The "present perfect tense" is neither present nor past. It is in-betweeen as explained in [Wikipedia].
The present perfect is a grammatical combination of the present tense
and the perfect aspect, used to express a past event that has present
I have been to London once.
This sentence means "I was physically in London one time in my life, and it happened in the past, but the timing is not important. The important thing is I have an experience of visiting London once."
The timing could be from a couple of hours ago (even shorter) to couple of dacades ago (or even longer). Nobody knows unless the timing of the visit is specified with an adverb or adverbial phrases with the past tense structure:
I visited London 2 days ago for the first time in my life.
In your example, it is easier to understand if you change it from a negative statement to a positive one.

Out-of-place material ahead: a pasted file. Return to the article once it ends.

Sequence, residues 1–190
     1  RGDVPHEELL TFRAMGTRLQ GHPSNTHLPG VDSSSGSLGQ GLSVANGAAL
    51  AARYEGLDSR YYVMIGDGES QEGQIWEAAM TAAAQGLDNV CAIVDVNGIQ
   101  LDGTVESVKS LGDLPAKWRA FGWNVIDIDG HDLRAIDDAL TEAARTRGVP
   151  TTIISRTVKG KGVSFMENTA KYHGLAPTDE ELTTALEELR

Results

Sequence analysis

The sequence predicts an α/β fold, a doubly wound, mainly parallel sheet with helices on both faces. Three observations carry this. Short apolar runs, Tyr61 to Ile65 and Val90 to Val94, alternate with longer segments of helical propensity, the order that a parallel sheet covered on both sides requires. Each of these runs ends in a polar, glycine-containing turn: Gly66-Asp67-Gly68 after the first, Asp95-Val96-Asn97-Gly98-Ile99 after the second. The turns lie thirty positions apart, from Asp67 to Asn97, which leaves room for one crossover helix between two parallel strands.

"I have thought he was a thief."
It means "I thought in the past (once or continuously) that he was a thief".
As the action of thinking occurred some time in the past, the tense in the subordinate clause should be matched with the past tense. If "his being a thief" is present, you could never think about his future state.
If you want to express "your past thinking that he would become a thief in the future", you can't use the present tense of the verb be. You have to use the past tense of an auxiliary verb "will":
I thought (have thought) he would be a thief.
In the negative statement, the same should be applied.